First Solo

Kathan Dudhela

After his first solo, Kathan Dudhela, the UK’s youngest flight instructor, was so relieved that he kissed the ground… 

How did you get into aviation?

Back when we lived in India my dad took me to the airport – watching aeroplanes, I wondered how they managed to fly. By the age of five, I already knew I wanted to become a pilot. I had my first lesson when I was 14 years old and in the Air Cadets and didn’t expect to actually be given the controls. However, the instructor let me fly the aircraft which was amazing. The 20-minute flight literally flew by and felt like only two minutes!

How did your flight training go?

I started in 2017 at Elstree Aerodrome where everyone was very helpful. They let me sit up in the tower to improve my radio skills. The basic controls of the aeroplane weren’t that hard as I used to practise a lot in a simulator. However, I found navigation very difficult, especially because we were only allowed paper charts. Alongside my flight training I was doing my A-levels, so I had to be switched on the entire time. My morning newspaper rounds paid for one flying lesson a week and my parents funded the other one.

Was your first solo a surprise?

Yes, when my instructor opened the door and wished me good luck I was confused. I almost said, “No, I’m not ready” – but then decided to taxi to the runway and take it from there. During taxying I pretended my instructor was still there, but just before take-off I looked at the empty seat and realised he wasn’t. The flight was nerve-wracking. After landing, which was actually one of my best landings, I got out and kissed the ground – I was so relieved to have made it out alive.

Why did you decide to become a flight instructor?

I’m doing the modular way, so after obtaining my PPL and Night Rating, I could either get my CPL or my Instructor Rating. Becoming an instructor would mean I wouldn’t just get to fly regularly and gain experience, I’d also have some income. It’s great: when the weather is good, I get to fly.

“My morning newspaper rounds paid for one flying lesson a week”

At school, you get pushed to do your A-levels, go to university and then find a career. But if you already know what you want in life, why not work directly towards it? You don’t need a university degree to become a pilot. Just do your research and ask commercial pilots about their experience, which nowadays can be easily done via social media. Once every two weeks I still go to Heathrow Airport to ask pilots for tips, about what route they’ve taken or how I can progress from this stage onwards to the next. My main advice to youngsters wanting a career in aviation, though, would be to stay motivated whatever happens.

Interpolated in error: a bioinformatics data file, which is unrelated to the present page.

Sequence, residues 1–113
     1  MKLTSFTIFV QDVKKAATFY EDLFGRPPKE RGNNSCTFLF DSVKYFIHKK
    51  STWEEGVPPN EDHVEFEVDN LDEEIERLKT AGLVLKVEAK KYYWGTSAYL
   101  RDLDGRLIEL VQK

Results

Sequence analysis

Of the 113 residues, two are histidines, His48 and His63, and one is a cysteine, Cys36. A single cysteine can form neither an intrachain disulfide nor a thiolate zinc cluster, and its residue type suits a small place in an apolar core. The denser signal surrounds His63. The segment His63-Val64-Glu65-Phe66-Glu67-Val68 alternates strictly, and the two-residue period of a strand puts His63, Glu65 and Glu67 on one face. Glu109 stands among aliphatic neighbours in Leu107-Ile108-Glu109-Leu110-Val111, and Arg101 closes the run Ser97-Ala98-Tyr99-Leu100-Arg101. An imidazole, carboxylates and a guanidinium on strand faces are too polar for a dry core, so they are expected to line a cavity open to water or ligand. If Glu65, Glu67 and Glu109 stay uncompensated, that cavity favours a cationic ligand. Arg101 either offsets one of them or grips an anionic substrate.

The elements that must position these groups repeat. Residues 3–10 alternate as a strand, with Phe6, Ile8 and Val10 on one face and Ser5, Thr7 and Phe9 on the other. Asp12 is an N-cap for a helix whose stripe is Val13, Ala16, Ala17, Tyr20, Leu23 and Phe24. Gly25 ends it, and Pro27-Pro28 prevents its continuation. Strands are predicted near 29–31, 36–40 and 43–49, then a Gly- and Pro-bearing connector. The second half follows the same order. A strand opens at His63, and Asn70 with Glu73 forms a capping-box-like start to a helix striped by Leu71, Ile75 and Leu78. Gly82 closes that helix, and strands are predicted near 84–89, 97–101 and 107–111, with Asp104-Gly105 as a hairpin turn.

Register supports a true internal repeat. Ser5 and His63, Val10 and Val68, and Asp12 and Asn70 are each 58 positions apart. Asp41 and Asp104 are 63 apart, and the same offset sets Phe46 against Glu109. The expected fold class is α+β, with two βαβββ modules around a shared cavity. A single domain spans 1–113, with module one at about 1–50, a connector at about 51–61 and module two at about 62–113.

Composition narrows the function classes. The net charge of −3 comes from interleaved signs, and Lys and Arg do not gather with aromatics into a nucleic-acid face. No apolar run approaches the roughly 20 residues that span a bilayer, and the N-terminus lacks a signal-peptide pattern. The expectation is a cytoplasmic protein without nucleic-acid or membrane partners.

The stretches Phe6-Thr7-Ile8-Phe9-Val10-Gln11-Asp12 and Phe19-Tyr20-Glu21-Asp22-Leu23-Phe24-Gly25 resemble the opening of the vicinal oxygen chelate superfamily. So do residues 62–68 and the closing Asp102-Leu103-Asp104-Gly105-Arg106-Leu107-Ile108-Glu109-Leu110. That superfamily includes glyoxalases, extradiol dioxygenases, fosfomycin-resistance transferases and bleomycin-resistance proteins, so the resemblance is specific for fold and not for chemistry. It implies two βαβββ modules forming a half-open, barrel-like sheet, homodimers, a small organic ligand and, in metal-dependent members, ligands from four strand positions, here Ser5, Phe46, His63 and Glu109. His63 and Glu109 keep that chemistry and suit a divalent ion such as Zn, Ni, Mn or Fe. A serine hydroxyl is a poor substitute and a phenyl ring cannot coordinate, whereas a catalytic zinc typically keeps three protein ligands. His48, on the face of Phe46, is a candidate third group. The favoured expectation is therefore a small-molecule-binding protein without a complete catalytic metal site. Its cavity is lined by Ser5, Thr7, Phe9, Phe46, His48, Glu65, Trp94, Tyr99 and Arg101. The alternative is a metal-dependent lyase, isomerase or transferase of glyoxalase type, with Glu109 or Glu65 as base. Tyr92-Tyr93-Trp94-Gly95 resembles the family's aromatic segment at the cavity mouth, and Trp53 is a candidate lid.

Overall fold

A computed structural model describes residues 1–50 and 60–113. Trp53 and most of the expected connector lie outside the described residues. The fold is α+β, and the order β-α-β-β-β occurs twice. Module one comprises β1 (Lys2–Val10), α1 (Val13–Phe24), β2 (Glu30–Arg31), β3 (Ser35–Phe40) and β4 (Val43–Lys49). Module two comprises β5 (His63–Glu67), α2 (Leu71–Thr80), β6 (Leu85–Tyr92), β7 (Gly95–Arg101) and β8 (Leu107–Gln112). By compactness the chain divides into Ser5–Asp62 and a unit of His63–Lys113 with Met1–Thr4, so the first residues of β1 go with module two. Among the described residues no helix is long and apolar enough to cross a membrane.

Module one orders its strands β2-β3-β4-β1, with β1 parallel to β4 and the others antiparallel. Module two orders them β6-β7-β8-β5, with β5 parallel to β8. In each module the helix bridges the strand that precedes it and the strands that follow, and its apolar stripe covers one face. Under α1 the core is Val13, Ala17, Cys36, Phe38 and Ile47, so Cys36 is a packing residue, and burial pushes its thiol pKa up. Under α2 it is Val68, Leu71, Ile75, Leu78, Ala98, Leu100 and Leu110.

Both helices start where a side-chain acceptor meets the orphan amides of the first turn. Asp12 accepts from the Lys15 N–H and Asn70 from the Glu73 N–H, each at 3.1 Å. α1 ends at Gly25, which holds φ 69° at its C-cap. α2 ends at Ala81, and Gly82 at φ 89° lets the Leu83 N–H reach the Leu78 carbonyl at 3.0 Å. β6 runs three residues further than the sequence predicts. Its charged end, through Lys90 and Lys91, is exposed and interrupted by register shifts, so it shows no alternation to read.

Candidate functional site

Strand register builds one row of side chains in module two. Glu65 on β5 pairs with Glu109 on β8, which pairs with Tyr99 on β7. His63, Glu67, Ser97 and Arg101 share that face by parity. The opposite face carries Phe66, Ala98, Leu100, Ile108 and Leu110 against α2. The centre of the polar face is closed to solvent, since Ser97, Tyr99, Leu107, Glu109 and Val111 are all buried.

Has your age ever been an issue when instructing?

It occasionally is during trial flights. Last summer, a student said to me, ‘You look like you’re 12’ and wanted to see my licence before he got into the aircraft with me. He enjoyed his flight very much though. With my regular students it sometimes feels a bit weird when I tell them off, as they’re twice my age. I’m quite strict in the cockpit, there’s no unnecessary talking. Before and afterwards, we can be mates again and chat, but during that one hour lesson, for which they’re paying £200, I want them to concentrate and learn as much as possible.

Was it more stressful to go solo yourself or to send your first student solo?

Sending my first student solo. This is because of the immense responsibility. I’m the one sending them up, so I have to be 110 per cent sure they’re capable of dealing with any situation they might encounter. I try to calm them down beforehand and make it sound easy, but everyone knows flying solo isn’t. Then, when my students are calm and ready, I go to the control tower where I watch their every move.

What are your plans for the future?

I want to get into air racing and eventually represent India in the sport, if I can finance it. I’ll do my Aerobatics Rating this year, followed by lots of training and competitions. Aerobatics is the best feeling! During my first trial lesson in an Extra 200, I asked the instructor, “What can I do?”, to which he replied “Anything you want.” So I moved the stick to the left and we rolled twice in three seconds, just like that.

What do you love most about flying?

Being up in the air, looking down and enjoying the view. It’s really nice when instructing, as we fly over Milton Keynes, which is a beautiful area, and when the weather is good we can climb to 5,500ft. I also love flying by myself though. Alone in the aeroplane, I almost get a feeling of being outside this world.

See also: UK’s youngest female flying instructor

Solo stats

Just 19 years old, Kathan Dudhela is the UK’s youngest flight instructor.

When 2 February 2017
Where Elstree Aerodrome
Aircraft Cessna 152
Hours at solo 14
Hours now 590

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